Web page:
Australian sheep producers have reported a total breeding flock of 42.5 million head, an increase of 500,000 ewes since last year, according to Meat & Livestock Australia (MLA) and the Australian Wool Innovation’s (AWI) Wool and Sheepmeat Survey Report for June 2022.
The survey, run three times a year, collects sheepmeat industry livestock numbers and lamb production expectations.
Merinos accounted for 72% of the total breeding ewe flock. Merino breeding ewes were further divided into Merino ewes for pure bred Merino production and Merino ewes for crossbred production and ‘other’ Merinos, accounting for 51%, 19%, and 2% of the merino flock, respectively.
There were 22 million lambs on hand reported by Australian producers.
Merinos made up 55% of the total lamb flock, at 12 million head, followed by First Cross and Pure Meat lambs (accounting for 19% and 17% of the national lamb flock respectively).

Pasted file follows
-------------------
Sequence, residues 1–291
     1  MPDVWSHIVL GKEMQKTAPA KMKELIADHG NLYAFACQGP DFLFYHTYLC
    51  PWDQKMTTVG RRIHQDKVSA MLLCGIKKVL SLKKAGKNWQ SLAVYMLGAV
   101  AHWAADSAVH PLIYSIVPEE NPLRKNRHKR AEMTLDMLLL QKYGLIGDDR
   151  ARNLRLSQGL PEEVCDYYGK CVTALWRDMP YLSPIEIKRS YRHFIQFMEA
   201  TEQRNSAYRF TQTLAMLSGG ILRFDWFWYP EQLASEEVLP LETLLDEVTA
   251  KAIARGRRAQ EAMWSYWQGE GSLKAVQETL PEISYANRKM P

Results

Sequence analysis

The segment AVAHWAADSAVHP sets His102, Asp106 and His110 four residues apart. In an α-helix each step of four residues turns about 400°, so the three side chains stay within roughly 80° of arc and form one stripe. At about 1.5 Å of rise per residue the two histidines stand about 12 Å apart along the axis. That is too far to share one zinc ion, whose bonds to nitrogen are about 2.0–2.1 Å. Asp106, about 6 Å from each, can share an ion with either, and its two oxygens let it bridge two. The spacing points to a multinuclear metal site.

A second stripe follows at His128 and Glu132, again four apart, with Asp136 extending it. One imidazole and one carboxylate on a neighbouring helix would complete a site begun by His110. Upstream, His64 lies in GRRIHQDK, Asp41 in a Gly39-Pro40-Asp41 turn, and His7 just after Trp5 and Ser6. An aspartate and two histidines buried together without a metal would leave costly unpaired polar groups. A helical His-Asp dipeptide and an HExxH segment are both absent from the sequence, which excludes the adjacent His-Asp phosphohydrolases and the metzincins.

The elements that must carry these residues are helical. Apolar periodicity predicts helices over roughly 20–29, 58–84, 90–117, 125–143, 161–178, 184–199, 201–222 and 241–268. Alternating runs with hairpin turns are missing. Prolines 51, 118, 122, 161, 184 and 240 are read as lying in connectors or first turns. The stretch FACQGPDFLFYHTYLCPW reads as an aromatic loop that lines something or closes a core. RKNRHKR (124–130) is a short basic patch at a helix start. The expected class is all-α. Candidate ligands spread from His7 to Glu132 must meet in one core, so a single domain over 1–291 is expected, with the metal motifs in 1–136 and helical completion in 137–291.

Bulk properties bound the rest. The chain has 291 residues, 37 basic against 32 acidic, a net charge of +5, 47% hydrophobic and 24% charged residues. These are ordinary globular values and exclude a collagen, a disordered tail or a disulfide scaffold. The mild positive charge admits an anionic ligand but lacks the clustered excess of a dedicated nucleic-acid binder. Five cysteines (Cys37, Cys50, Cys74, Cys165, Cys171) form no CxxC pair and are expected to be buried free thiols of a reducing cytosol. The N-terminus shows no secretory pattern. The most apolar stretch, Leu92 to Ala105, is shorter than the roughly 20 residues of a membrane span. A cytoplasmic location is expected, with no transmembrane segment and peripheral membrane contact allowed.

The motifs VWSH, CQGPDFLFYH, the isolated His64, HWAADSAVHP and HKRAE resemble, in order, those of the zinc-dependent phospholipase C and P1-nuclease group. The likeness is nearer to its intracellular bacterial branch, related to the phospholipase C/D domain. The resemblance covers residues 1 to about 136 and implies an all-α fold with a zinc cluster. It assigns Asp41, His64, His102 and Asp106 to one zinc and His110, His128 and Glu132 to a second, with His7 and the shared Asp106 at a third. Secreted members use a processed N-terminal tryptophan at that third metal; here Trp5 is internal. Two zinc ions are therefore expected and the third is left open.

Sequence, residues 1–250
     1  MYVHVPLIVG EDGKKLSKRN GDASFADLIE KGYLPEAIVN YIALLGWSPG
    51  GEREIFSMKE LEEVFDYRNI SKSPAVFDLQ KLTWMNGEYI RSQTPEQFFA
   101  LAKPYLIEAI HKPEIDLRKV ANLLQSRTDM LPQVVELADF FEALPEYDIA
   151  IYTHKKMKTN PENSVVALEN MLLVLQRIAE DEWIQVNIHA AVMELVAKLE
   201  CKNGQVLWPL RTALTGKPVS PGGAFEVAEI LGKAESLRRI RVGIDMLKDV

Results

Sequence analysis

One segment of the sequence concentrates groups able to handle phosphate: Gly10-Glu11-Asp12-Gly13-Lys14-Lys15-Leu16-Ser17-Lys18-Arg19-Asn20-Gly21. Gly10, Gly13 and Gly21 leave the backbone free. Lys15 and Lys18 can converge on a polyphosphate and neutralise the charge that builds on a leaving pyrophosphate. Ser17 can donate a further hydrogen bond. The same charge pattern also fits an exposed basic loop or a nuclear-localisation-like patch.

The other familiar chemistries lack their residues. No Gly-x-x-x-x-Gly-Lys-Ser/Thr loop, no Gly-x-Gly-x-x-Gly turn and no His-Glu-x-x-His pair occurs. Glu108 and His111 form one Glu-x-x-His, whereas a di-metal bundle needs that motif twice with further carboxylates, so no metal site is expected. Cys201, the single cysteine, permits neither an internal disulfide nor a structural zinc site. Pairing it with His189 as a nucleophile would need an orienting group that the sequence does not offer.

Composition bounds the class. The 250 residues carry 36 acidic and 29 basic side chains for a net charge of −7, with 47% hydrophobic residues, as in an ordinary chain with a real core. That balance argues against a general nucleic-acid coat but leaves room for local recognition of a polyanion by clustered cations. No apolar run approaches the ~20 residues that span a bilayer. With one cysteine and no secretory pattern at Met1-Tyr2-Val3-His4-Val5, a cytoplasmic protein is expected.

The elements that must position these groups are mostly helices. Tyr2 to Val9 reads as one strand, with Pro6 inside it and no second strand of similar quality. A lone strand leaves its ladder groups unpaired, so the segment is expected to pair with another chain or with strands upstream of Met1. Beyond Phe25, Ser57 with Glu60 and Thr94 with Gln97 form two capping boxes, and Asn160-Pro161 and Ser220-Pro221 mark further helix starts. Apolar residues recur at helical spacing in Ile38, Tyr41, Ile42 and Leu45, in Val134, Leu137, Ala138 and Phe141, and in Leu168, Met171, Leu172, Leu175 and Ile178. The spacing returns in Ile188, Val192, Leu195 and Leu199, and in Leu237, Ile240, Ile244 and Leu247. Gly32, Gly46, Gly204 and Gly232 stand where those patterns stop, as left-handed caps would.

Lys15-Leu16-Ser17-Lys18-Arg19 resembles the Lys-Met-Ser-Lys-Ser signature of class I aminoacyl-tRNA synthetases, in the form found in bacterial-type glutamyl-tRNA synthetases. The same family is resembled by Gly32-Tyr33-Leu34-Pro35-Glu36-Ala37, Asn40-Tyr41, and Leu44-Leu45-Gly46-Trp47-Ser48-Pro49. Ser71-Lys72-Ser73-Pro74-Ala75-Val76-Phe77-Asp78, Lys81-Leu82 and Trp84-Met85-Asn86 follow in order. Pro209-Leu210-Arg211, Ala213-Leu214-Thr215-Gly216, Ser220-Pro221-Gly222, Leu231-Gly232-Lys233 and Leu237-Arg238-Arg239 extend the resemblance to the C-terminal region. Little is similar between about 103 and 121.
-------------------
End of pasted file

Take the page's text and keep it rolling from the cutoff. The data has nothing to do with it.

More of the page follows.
The breeding ewe population was largest in the Great Southern region of Western Australia at 5.6m, Central West NSW at 5.0m and Southeast NSW at 4.8m.
While the number of lambs on hand in the survey was greatest in Central West NSW at 3.1 million. This was followed by southern WA at around 2.7m head.
A total of 7.3 million lambs were marked in the four months. Merinos accounted for the largest proportion of lambs marked in the past four months at 47%. First cross breeds and Pure meat accounting for 28% and 18%, respectively.
A total number of 7.6 million lambs are expected to be sold in the next four months, approximately 34% of the total number of lambs on hand. Of these: Merino, First cross breeds and Pure Meat are expected to account for 36%, 29% and 23% of lamb sales respectively.